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Reap the Benefits of Recycling

Best of Success Seminar: Nick Sabino

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December 1, 2011
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The folks at Deer Park Roofing in Cincinnati recycle just about everything: asphalt shingles, EPDM, TPO, PVC, steel, aluminum, copper and insulation. They evenrgbvkhgd,db re-sell their skids. According to the company’s president, Nick Sabino, the commercial and residential roofing contractor doesn’t recycle just because it helps the environment and generates goodwill. They do it to bolster the bottom line as well.

“Everything we do is cost effective,” said Sabino during his seminar on commercial and residential recycling at Best of Success. “There’s nothing that’s costing us a penny more than taking it to the landfill. It’s all about green — but we’re talking about money.”

“In our market, recycling shingles is cheaper and easier than taking them to a landfill,” noted Sabino. “The dumps are far away, and they cost more than the shingle recycling center. Why be on the road longer and pay more? And the recycling center is also near our distributor, so we can grab products after we’ve dropped off a load.”

Recycling also generates goodwill with customers and can generate positive publicity as well. Ten million tons of shingle tear-offs are sent to landfills each year, accounting for 5 percent of landfill waste, noted Sabino. “Fifty percent of homeowners say that recycling their torn-off shingles has an importance of eight on a scale of one to 10,” he said.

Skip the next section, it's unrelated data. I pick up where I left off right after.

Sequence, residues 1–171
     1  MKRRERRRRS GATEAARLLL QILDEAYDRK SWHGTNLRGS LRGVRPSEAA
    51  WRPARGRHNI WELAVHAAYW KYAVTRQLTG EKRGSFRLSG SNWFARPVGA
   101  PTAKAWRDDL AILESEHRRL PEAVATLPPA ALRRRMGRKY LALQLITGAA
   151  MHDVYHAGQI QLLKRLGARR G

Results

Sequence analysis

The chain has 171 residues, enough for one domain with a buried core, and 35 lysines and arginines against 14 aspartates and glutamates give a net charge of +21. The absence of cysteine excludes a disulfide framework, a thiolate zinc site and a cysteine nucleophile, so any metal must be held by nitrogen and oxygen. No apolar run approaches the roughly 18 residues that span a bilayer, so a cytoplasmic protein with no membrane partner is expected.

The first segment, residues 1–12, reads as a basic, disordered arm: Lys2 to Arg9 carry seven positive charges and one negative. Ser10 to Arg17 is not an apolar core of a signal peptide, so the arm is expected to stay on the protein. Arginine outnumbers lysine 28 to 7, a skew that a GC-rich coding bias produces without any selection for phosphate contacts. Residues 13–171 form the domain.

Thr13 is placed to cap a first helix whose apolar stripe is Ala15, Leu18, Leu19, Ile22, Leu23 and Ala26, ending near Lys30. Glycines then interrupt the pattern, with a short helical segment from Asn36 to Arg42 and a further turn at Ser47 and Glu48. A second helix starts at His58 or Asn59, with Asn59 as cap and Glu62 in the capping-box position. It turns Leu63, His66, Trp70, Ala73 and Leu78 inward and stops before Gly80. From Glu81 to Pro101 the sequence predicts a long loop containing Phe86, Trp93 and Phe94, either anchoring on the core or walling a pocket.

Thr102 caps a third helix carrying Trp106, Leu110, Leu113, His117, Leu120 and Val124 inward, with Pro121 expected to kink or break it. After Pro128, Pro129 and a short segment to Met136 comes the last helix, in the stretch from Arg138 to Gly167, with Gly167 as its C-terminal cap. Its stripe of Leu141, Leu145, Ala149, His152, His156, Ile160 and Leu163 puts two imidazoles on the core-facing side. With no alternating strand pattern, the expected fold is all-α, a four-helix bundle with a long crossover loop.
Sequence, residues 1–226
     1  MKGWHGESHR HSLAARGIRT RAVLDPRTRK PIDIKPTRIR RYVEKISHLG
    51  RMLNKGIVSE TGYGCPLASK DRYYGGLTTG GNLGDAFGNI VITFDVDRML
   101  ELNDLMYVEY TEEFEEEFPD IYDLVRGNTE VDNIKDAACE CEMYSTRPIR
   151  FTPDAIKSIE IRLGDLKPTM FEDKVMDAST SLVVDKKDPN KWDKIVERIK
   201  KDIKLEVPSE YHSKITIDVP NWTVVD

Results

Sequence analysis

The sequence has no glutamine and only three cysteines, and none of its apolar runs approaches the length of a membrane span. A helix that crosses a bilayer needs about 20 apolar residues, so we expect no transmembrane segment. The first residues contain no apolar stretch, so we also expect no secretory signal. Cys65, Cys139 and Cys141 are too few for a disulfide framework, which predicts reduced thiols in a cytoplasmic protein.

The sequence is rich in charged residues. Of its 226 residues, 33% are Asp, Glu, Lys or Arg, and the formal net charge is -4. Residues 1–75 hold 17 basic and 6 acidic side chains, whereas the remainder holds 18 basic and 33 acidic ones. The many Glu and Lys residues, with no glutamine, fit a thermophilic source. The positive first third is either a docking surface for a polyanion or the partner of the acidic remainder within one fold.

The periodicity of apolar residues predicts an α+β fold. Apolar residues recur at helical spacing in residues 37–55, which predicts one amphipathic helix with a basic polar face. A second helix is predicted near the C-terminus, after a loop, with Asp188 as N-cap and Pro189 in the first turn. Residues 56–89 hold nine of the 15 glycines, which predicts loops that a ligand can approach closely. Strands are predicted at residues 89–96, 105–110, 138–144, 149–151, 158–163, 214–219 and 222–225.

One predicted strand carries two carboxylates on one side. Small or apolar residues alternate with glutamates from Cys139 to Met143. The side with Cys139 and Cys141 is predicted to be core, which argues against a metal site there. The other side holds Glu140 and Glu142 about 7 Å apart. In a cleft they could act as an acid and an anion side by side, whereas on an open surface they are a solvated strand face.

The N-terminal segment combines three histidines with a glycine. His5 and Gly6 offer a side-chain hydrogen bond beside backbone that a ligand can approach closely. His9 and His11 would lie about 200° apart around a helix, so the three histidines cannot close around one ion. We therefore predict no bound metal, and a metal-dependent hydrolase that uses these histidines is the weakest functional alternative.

The company issues recycling certificates to customers. “It gets our logo out there and makes a great impression with customers,” Sabino said. “It helps differentiate us from the competition.”

Sabino detailed the methods his company uses to recycle roof membrane and polystyrene and polyisocyanurate insulation, as well as scrap metal. Deer Park recycles coping, termination bars, gravel stops, drip edge, gutters, downspouts, fasteners, roof hatches, counter flashing, chimney caps, roof vents, valley metal, step flashing, trim, siding and ladders.

‘We fill up that metal recycling dumpster every week,” said Sabino. “We get a check every week for $400 to $600. It adds up. Year to date, we’ve earned $20,000 through the end of August.”

 Sabino emphasized that his recycling programs are cost effective, simple, quick and easy to execute. He urged contractors to embrace recycling before it’s mandated by codes such as the International Green Construction Code, which will be published in 2012. “These codes will have a huge impact on all contractors, whether residential or commercial,” he said. “You’ve got to be careful, because as codes are adopted, state and local codes are often in conflict.” 

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